Since we published our first article with non-toy gift ideas for children nearly two years ago, we’ve continued to add ideas to that article and it has finally grown so long that I decided it was time to create a full new post with fresh new ideas.
However, before you read through this new list, you should know that other readers have shared some REALLY REALLY great ideas in the comments on that post, so if you haven’t read it, go check it out and then come back for this Part 2.
Also, it’s worthy to note that THIS post tends to have more specific ideas for non-toy gifts, while the original post has more general ideas, which might spark a bit more inspiration. 🙂 Either way, may they both help you according to what you’re looking for!
So, with that brief intro, here are 21+ MORE non-toy gifts for children. Happy gifting!
21+ Non-Toy Gifts for Children
1. Subscription boxes. I ended the original article with this item, and it’s worthy to start this one with it as well, as there are SO many excellent, excellent subscription boxes out there.
What is a subscription box? It’s simply a package that is mailed to you or your children once a month with creative, innovative materials for encouraging hands-on exploration of a topic to enliven your child’s imagination. There are boxes for art, STEM activities (Science, Technology, Engineering & Mathematics), geography, and so many more.
In short, subscriptions – including subscription boxes – are my #1 recommendation for a non-toy gift, especially if you’re gifting to a child who is not your own (a grandchild, niece or nephew, friend, etc).
2. Wildcraft game. I love family games in general, but I’m particularly impressed with the Wildcraft Adventure game. Not only does it require cooperation in order to win rather than competition (not that there’s anything wrong with friendly competition, but it’s nice to work on the skill of cooperation….), it teaches players how to identify several dozen herbs – both edible and medicinal – and helps them know what those herbs are used for, which is a practical life skill for anyone. It’s well-designed and I’m seriously impressed.
3. Snap Circuits. A totally engaging kit for boys and girls alike to build and discover about electrical circuits – even in the human body! – while also developing analytical and problem solving skills. This is a super-long-time-favorite in our house. I recommend the Basic kit, the Deluxe kit, or the best-selling kit.
4. Buddha Board (include photo) – Kid’s Art Canvas size or the original, slightly larger size – even as an adult, I *love* using a Buddha Board. But what I *especially* love is that a child can sit and “paint” for hours, and yet there’s not a single scrap of paper lying all around the floor afterward. All the benefits of painting and creating without any of the clutter! Also, if you want to save any of your child’s artwork created with the Buddha Board, simply snap a photo and print it or enlarge it as a poster. Save only what you want to save.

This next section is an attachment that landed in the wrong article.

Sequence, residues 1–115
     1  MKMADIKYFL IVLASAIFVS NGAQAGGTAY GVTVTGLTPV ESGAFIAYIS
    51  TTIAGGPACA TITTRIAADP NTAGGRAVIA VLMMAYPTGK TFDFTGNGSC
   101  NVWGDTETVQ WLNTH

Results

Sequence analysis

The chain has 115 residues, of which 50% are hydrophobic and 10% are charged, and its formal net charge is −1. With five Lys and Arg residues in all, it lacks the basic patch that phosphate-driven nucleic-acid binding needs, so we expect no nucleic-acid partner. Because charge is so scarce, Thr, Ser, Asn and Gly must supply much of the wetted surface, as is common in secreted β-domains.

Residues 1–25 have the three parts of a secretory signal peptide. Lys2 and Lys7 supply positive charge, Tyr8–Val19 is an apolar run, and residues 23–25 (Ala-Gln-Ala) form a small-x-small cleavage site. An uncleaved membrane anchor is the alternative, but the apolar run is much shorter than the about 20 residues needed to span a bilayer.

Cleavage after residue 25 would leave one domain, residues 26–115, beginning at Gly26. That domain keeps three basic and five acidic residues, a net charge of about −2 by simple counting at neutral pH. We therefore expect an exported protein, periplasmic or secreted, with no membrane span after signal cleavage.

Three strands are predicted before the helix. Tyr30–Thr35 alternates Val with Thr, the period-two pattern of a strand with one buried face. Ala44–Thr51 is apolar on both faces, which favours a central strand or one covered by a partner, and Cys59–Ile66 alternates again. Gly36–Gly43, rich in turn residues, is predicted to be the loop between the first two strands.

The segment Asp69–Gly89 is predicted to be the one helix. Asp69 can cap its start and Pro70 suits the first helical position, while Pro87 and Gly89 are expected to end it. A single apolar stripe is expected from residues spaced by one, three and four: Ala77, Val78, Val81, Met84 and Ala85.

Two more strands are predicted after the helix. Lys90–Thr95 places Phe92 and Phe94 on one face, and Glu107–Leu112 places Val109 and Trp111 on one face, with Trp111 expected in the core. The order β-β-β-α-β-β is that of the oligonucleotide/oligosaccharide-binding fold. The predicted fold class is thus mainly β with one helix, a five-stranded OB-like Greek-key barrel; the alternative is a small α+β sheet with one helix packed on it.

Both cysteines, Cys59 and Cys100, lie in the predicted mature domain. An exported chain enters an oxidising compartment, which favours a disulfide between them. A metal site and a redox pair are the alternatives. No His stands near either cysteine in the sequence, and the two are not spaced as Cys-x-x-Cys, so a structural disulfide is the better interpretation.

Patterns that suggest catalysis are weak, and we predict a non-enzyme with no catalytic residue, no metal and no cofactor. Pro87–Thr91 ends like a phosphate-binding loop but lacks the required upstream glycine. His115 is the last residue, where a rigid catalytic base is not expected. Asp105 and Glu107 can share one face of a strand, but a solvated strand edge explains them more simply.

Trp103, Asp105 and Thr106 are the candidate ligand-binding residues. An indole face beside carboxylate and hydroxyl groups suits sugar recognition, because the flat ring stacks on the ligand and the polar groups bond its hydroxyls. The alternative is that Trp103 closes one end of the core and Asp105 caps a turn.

5. Painting supplies. On the other hand, if you want to get real paint onto real paper, grab either watercolor or tempera paint and a few brushes and you’re good to go. Or if you want, just grab the Faber-Castell Learn-to-Paint kit that comes in the adorable, wipeable storage bag. We have purchased this kit multiple times over the years because it has worked so well for our kiddos and made clean-up time so easy. Granted, I’m also biased since my last name happens to be Faber, and I’m always proud that Faber-Castell products are such high quality. 😉
6. Clay. I’m not talking about Play-Doh (although that’s a great option too, especially if it’s a homemade kind that’s squishy like the store-bought kind…), but I’m talking about honest-to-goodness modeling clay. Get 2-3 boxes and a few simple not-terribly-sharp carving tools and let your little artist discover the joy of creating sculpture.
7-8. Fort and play tent building supplies. While the classic chairs-and-blankets fort is still the most charming, there are some AMAZING fort building kits available that help kids build magnificent forts in multiple shapes – and allow the love-to-build kids among us a chance to show off their skills. (And even better, they tear down into small pieces that store easily.) Here’s a basic building kit and cover fabrics (if you don’t have blankets to donate to the cause). You could also just use a few sets of wooden fort-blanket clamps. Another option for younger kiddos is to create an insta-fort with a fort cover set over a table or with a pop-up tent. There’s also a super-cute DIY play tent option if you want to build one yourself.
9-10. A swing-set and/or playhouse. Okay, this one is rather an investment, but my kids could very happily play all-day, every day on a swing set and playhouse, which allows for hours and HOURS of creative play nearly year-round. This kind is the one I DREAM about having in the back yard, but there are both more extensive models and simpler models available as well.